Dave Alvin & Jimmie Dale Gilmore’s Dakota signage
Dave Alvin & Jimmie Dale Gilmore Setlist
09/11/2018 Southgate House Revival Newport, KY
09/12/2018 The Ark Ann Arbor, MI
09/14/2018 Black Box Theatre Toronto, ON
09/15/2018 CityFolk Music Festival
09/16/2018 JCC Hart Theatre Rochester, NY
09/25/2018 State Room Salt Lake City, UT
09/27/2018 Aladdin Theater Portland, OR
09/28/2018 Tractor Tavern Seattle, WA
09/29/2018 The Triple Door Seattle, WA
09/30/2018 Imperial Vancouver, BC
11/04/2018 Sellersville Theater 1894 Sellersville, PA
11/13/2018 City Winery Atlanta, GA
11/14/2018 3rd & Lindsley Nashville, TN
11/16/2018 Manship Theatre Baton Rouge, LA
A musical journey from California to Texas, with even a brief stop in South Wales,
Musical kindship was in fine display on a Friday night in downtown Minneapolis as Dave Alvin and Jimmie Dale Gilmore joined forces at the Dakota Jazz Club, in support of their coming together on Downey to Lubbock (Yep Roc Records), an album that not only went to #2 on Billboard’s Heatseekers, but also even topped the blues charts.
Opening the evening was a Chicago transplant originally from Newport, Wales- singer-songwriter Jon Langford, best known for his work with The Mekons and The Waco Brothers. Joined on stage by guitarist Jon Szymanski, Langford provided a welcome opening fifty-minute opening set that drew on his prolific, post-punk/alt-country background, in support of last year’s Four Lost Souls (Bloodshot Records).
Starting with a new song, working in a Waco Brothers number, and the first song he wrote for Bloodshot (‘Over the Cliff’), the strumming was mostly happy but the lyrics were usually biting, some with political commentary (‘Drone Operator’, ‘Snake Behind Glass’), an homage to lost friends (‘Hey! Rockstar’), a Mekons favorite (‘Millionaire’, which riled up the longtime fans), and ending with a Joe Strummer cover, first telling the story that Strummer lived in his native Newport, working as a gravedigger, before moving to London and helping form The Clash.
Though friends for over thirty years but not collaborating until a 2017 acoustic tour, Dave Alvin and Jimmie Dale Gilmore may not seem like a musical match on paper, but from the very first notes of their hundred-five minute headlining set, it seemed like they’d been playing together for decades.
The Americana roots legends- Alvin, of the sometimes brash rocking and rhythm sound of California’s The Blasters ,and Gilmore, the elder Texas twangy, Flatlanders hippie country singer-songwriter came together along their musical commonalities, celebrating that union with a diverse and hopping mix of Delta blues, early rock, and Western swing classics alongside their own originals.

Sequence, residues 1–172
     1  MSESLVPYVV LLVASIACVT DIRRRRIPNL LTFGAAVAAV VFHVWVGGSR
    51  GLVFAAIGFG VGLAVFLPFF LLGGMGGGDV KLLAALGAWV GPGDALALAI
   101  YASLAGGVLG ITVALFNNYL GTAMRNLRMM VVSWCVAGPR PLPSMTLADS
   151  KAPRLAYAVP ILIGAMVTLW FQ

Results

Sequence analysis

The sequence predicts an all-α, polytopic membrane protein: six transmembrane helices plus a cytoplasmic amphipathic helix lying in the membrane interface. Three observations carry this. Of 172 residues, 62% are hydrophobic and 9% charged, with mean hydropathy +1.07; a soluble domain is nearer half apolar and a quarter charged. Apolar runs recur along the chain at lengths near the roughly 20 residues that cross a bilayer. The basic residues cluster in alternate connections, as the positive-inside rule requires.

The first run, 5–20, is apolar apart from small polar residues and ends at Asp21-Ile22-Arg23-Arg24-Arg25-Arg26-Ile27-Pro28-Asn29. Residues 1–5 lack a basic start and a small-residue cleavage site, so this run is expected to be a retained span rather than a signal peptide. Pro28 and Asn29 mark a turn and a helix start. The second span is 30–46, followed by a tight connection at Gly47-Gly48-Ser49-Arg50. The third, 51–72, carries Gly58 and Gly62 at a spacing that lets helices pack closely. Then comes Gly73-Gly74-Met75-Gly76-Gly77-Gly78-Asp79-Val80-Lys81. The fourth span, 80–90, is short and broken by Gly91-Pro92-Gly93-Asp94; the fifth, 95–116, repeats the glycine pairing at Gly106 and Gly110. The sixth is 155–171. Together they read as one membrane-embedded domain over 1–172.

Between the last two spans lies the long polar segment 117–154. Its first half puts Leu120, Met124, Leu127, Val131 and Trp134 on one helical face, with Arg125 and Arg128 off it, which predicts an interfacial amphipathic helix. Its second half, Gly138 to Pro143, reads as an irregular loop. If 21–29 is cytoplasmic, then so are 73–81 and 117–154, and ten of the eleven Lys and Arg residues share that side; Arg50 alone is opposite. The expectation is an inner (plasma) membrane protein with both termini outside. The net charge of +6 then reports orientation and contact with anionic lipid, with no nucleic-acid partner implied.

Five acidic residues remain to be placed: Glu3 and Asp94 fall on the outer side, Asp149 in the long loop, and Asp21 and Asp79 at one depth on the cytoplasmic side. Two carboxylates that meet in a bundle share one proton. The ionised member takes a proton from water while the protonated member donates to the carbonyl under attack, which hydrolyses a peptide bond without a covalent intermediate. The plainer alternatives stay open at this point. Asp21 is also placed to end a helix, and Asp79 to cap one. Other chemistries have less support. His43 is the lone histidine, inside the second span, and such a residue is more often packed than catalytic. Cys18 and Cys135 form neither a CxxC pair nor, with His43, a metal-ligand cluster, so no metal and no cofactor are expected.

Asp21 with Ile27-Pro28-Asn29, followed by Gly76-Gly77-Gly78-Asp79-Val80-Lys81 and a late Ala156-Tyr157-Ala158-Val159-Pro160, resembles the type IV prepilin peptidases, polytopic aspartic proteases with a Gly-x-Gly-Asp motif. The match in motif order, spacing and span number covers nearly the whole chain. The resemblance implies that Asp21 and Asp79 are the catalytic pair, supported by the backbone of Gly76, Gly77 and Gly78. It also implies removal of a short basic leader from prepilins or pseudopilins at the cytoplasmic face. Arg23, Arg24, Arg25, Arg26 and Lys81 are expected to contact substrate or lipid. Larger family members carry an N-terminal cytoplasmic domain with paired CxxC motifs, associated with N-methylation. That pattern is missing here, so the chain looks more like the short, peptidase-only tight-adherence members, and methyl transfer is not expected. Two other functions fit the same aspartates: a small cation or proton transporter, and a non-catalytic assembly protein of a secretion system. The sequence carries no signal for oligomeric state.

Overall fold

The set began with the new album’s stomping title track, an homage to their respective hometowns and the 1100 miles between them, with Alvin’s face mostly hidden under the brim of his cowboy hat guitar-slinging from stage right, and Gilmore and backing band The Guilty Ones, front and center showcasing their formidable playing skills. “Every night is a treat, and a joy, and a pleasure… and a surprise”, Alvin would comment.
The pair told the story of ‘Silverlake’ and who writer Steve Young really meant the song for, displayed their blues chops on ‘Stealin’ Stealin’, and shone playing the musical personas on the mellow ‘Billy the Kid and Geronimo’. Gilmore growled with glee on 1952’s rocking ‘Lawdy Miss Clawdy’ the theme of Woody Guthrie’s ‘Deportee’ was (unfortunately) still very appropriate today, and their cover of The Youngbloods’ ‘Get Together’ had people leaving their proper dinner tables and dancing in the aisles.
Band The Guilty Ones were solid all evening, particularly pigtailed guitarist Chris Miller and drummer Lisa Pankratz who impressed with an extended solo on Alvin’s ‘Dry River’ and even is featured in this month issue of Modern Drummer.
For the encore, the duo again played on each other’s musical strengths to take a foray into classic soul, covering Sam Cooke, then following that with a trippy ‘My Mind’s Got a Mind of Its Own’, a song from fellow Flatlander Butch Hancock that bands like Phish have even covered- “one of my theme songs” Gilmore, noted.
Styles shifted again as things turned towards New Orleans on ‘Marie, Marie’, an Alvin-penned song that became more famous covered later by Buckwheat Zydeco and the evening ended full circle with a reprise of ‘Downey to Lubbock’ followed close behind by the traditional ‘Down by the Riverside’, which was also the intro music they walked out to, and whose pacifistic lyrics beseeches us all to “not study war no more”.
The Golden State met the Lone Star State as Dave Alvin and Jimmie Dale Gilmore came together in musical tandem to celebrate their history, influences, and the roads between their destinations; and for a brief evening, those in attendance were ecstatic to be invited along for the ride.
(click on any photo below to enlarge and see full image)
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